According to the South China Morning Post report, Bitcoin extended its plunge from record highs and sparking a hunt for reasons the notoriously volatile asset was selling off. One that captured attention questioned the very viability of the token itself, though it turned out not to be cause for concern. The world’s leading cryptocurrency fell to as low as US$29,327 as of 8.29am in Hong Kong on Friday, after a slide of almost 11% a day earlier. Experts have cautioned that a sustained drop below the $30,000 mark could presage further losses in the wake of last year’s 300% surge.
Bitcoin might drop further, analysts predict.
“This level looks very vulnerable, and a break below $30,000 is bad news in the near-term for Bitcoin and cryptocurrencies in General,” Craig Erlam, senior market analyst at Oanda Europe, wrote in a note Thursday. “I wouldn’t be surprised to see a test of US$20,000 before too long.” A trading blog suggested that there had been what’s known as a double-spend, where the same person uses the same token in two transactions.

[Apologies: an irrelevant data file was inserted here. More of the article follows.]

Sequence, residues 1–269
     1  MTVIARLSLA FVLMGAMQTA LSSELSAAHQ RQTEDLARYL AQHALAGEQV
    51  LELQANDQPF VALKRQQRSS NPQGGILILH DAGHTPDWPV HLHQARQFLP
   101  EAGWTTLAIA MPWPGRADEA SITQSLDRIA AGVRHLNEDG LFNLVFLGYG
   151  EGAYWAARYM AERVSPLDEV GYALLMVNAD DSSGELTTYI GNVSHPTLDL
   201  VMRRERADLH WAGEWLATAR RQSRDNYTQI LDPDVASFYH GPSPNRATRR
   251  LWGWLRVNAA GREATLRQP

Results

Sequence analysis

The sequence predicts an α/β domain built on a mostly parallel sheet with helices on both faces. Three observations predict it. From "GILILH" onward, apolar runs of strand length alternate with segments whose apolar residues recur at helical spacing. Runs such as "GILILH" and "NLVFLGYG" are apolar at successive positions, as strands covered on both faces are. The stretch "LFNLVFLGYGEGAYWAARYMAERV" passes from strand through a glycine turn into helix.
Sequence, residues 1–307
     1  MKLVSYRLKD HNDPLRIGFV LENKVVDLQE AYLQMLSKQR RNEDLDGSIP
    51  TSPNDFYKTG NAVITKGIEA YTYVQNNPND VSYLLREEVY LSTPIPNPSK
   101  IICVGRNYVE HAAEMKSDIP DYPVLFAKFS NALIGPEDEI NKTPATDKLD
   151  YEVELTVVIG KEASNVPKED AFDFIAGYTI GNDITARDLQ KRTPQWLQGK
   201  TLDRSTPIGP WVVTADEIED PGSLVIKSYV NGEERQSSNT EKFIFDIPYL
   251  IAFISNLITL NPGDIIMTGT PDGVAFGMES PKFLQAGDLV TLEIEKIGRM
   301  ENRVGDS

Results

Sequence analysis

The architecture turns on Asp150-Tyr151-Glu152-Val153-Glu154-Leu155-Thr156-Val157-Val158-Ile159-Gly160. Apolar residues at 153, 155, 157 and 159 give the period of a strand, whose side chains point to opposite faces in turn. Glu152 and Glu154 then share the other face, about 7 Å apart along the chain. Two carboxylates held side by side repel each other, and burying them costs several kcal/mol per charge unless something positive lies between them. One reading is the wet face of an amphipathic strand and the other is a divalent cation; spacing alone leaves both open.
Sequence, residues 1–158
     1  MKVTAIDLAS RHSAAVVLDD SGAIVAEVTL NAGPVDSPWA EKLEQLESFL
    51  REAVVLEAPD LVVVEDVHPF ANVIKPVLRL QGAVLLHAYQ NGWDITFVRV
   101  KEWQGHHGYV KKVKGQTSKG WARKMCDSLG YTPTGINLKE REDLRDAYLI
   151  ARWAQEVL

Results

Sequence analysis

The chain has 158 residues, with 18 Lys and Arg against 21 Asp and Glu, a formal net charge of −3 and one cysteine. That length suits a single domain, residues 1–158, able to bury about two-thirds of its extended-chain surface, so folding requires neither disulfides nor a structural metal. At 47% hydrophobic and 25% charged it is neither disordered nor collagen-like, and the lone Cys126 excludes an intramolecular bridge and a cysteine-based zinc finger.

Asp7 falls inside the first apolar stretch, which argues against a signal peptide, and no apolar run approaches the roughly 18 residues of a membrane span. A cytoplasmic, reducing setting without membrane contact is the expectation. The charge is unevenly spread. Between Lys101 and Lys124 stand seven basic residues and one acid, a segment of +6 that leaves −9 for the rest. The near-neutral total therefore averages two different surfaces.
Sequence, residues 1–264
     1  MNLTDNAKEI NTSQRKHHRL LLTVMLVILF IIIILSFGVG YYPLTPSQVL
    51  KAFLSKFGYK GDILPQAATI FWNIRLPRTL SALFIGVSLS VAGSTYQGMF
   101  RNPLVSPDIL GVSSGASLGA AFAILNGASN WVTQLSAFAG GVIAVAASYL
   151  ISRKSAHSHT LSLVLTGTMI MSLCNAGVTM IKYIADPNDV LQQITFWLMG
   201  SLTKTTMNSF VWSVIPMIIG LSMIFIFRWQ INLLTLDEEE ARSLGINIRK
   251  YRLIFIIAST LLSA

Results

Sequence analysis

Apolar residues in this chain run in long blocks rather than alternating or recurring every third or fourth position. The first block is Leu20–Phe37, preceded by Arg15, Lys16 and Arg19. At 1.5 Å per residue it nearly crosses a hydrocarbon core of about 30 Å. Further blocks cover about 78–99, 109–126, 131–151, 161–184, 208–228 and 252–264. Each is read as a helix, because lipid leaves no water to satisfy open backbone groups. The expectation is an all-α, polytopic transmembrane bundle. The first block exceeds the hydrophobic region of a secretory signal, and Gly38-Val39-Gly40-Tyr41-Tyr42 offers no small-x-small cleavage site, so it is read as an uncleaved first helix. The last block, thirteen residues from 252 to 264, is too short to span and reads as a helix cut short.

Bitcoin continues to hover around $31,000.
Bitcoin fell as much as 11% on Thursday to trade around US$30,986. Other cryptocurrencies also sold off, with the Bloomberg Galaxy Crypto Index losing as much as 10%. Online discussions over potential blockchain implications also intensified, with Google searches for “Bitcoin double- spend” spiking. It’s like if someone bought a car, paid the seller, drove off with their brand new wheels, and later yanked back all the money. In the case of the blockchain, or the software that underlies Bitcoin and other cryptocurrencies, the transaction in question would be excluded from the final tally on the digital ledger.